Post-doctoral fellow Marie Sklodowska-Curie (2023-2025), Leiden University Centre for Linguistics (LUCL), Leiden University (Netherlands).
Carmen Spiers, of American nationality, is a Marie Sklodowska-Curie postdoctoral fellow (2023-2025) at the Leiden University Center for Linguistics (Netherlands). After her 2013 B.A. in Classics (Latin) at the University of Washington (Seattle, USA), she undertook an indological cursus in Paris at the University Paris 3-Sorbonne Nouvelle, where she obtained her “Licence” in Indian Studies (Sanskrit) in 2014 and her master’s degree in 2016. She then obtained a PSL paid doctoral contract to conduct her PhD research at the École pratique des Hautes Études, and successfully defended in December 2020 her doctoral thesis in French entitled « Magie et poésie dans l’Inde ancienne. Édition, traduction et commentaire de la Paippalādasaṁhitā de l’Atharvaveda, livre 3 » at the École pratique des Hautes Études (PSL) with Nalini Balbir as director and Arlo Griffiths (EFEO) as co-director. In the course of her PhD studies, she was invited several times to participate in the Paippalāda project workshops at the University of Zurich (Switzerland), and she also completed several research fieldwork trips in India at the French Institute of Pondicherry (2018-2019) and at the École française d’Extrême Orient (2020, with an EFEO fieldwork grant).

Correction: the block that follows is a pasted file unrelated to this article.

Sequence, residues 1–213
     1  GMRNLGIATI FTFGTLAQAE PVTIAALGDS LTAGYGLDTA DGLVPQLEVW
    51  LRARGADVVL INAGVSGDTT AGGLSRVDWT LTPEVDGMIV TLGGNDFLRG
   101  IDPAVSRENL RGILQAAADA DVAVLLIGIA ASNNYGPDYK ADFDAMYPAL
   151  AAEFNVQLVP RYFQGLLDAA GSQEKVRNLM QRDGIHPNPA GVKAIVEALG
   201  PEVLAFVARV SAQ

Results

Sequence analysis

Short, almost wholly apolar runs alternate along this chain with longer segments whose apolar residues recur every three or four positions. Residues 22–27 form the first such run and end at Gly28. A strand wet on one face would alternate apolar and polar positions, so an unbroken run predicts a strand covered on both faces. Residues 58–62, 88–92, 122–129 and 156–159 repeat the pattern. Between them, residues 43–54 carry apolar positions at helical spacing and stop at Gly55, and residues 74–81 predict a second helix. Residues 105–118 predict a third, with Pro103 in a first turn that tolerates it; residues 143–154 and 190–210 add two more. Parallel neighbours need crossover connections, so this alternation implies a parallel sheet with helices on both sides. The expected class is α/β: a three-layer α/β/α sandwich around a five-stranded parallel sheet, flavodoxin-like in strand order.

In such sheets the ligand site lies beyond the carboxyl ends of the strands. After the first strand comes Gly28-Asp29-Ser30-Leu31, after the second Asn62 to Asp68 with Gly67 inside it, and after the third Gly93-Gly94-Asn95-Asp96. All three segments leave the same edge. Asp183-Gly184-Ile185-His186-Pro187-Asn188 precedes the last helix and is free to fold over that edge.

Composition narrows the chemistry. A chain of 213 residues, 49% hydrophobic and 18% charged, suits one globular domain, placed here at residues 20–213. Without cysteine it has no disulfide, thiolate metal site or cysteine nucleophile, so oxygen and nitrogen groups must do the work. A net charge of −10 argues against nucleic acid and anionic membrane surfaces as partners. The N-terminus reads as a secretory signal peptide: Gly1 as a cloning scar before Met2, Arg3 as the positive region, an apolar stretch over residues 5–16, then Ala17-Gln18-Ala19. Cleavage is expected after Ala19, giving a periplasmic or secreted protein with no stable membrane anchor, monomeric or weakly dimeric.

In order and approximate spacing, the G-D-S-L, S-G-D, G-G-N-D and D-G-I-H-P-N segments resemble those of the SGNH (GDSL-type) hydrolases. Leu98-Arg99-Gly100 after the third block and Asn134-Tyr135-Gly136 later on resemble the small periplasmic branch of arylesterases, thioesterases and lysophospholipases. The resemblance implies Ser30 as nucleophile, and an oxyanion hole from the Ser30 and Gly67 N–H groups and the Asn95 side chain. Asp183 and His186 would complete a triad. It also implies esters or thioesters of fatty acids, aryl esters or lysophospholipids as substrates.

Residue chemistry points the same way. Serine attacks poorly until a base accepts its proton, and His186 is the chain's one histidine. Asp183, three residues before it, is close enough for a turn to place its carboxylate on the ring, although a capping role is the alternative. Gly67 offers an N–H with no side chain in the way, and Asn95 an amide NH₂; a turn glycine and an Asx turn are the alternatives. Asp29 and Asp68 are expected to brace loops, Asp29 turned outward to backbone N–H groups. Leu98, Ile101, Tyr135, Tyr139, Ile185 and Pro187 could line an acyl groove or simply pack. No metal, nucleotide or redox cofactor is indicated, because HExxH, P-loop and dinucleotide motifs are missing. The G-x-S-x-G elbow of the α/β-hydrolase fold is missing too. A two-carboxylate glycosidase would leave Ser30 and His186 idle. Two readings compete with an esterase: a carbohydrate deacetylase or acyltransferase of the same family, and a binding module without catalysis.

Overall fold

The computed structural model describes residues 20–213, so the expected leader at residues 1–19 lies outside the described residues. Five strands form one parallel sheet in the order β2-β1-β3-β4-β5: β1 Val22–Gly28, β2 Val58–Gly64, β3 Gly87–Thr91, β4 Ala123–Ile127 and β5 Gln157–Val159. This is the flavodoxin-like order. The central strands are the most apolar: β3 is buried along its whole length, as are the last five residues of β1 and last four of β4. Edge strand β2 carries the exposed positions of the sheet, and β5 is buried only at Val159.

Fields of research
Carmen Spiers researches Vedic culture from multiple angles: starting with the philological study of little-known Vedic texts, and up till now especially the literature of the Atharvaveda, she attempts to further our understanding of Vedic Sanskrit (in synchrony and with respect to Indo-European linguistics), as well as of the Vedic ritual system and more generally of the society in which this ritual developed in antiquity. Her work has led her furthermore to study the category of “magic,” often used to describe the Atharvaveda, from a comparative viewpoint and by making use of the resources offered by anthropology and linguistics for the theorization of human ritual practices.